MAUI, Hawaii — Two weeks after nearly 500 hospital workers went on strike here against Kaiser’s three Maui Health System facilities, the bosses arrived one hour late for the first negotiating meeting since the walkout began and then broke off discussions after just two hours.
“They are just playing with our emotions,” Elen Quema, a housekeeper at Maui Memorial Medical Center, told the Militant, “showing how they disrespect us and belittle us.”
The strike by nurses aides, housekeepers, cafeteria workers and others continues to win solidarity from other workers and the community.
“UNITE HERE Local 5 from Honolulu, they came here just to support us,” Quema said. “It’s amazing how they come to help. Firefighters and other groups like the International Longshore and Warehouse Union are always here to help us.”
“We have had an outpouring of support from teachers, hotel workers,” added Tamara Manley, a picket captain.
United Public Workers union members went on strike Feb. 22, fighting for higher wages, better benefits and safe staff-patient levels. The demand for more hiring is a key issue, since workers have increasingly been forced to cover more work with less people.
“One housekeeper to a whole unit because they didn’t want to hire,” Quema said. “They float technicians to cover the nurses aides and other departments. This has been happening for five years.”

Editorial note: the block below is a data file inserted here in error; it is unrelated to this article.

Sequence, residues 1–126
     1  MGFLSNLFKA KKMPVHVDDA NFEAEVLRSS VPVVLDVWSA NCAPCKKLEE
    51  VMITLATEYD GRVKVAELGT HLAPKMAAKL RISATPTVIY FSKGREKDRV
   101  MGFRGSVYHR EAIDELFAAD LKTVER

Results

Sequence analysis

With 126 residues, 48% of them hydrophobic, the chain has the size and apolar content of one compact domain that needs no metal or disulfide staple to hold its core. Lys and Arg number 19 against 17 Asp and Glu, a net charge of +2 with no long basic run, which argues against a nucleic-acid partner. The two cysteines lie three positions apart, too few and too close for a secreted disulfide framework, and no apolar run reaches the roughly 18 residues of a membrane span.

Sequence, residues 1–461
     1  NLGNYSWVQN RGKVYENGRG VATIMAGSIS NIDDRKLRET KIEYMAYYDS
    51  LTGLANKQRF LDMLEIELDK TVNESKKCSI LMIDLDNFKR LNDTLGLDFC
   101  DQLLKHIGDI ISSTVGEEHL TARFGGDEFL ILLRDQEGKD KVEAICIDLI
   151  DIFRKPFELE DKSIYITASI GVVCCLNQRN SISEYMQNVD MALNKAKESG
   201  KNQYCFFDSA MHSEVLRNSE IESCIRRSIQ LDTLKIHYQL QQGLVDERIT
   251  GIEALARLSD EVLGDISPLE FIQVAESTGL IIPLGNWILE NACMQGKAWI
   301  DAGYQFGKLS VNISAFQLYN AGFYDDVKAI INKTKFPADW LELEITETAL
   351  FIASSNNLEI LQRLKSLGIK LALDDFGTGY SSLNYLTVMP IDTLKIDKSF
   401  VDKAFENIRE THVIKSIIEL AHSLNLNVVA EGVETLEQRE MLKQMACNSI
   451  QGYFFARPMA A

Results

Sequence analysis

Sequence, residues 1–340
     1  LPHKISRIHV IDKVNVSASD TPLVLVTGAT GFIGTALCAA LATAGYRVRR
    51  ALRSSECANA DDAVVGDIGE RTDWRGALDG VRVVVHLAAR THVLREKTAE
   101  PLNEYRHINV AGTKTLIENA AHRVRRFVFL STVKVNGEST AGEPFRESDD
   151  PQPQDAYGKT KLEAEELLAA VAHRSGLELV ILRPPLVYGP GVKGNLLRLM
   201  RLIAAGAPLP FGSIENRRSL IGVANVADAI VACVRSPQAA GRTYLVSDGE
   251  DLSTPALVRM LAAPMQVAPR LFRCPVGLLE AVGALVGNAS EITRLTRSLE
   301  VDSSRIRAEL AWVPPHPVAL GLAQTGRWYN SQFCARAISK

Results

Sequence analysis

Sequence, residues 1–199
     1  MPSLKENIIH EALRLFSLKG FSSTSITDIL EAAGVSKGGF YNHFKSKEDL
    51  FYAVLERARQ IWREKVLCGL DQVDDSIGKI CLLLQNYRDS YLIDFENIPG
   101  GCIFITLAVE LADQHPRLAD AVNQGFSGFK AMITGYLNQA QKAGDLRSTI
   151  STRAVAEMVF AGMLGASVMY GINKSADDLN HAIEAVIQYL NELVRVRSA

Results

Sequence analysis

Nonstriking workers and patients in the hospitals have been sending pictures to the union of deplorable conditions being tolerated by hospital bosses — blood on patient room floors, dirty sheets and hospital waste piled up in the emergency room. The photos have been posted on the union’s website.
“So far everyone is motivated and very strong to finish this so we can go back,” Quema said. The next scheduled negotiation is set for March 14.
“This is a pivotal moment in our fight for fair treatment and compensation. We cannot afford to let it slip away,” United Public Workers’ State Director Kalani Werner told the media. “By standing together and supporting each other, we can send a powerful message that we will not back down until our demands are met.”
Messages of solidarity can be sent to United Public Workers, 841 Kolu Street Wailuku, Maui, HI 96793; (808) 244-0815.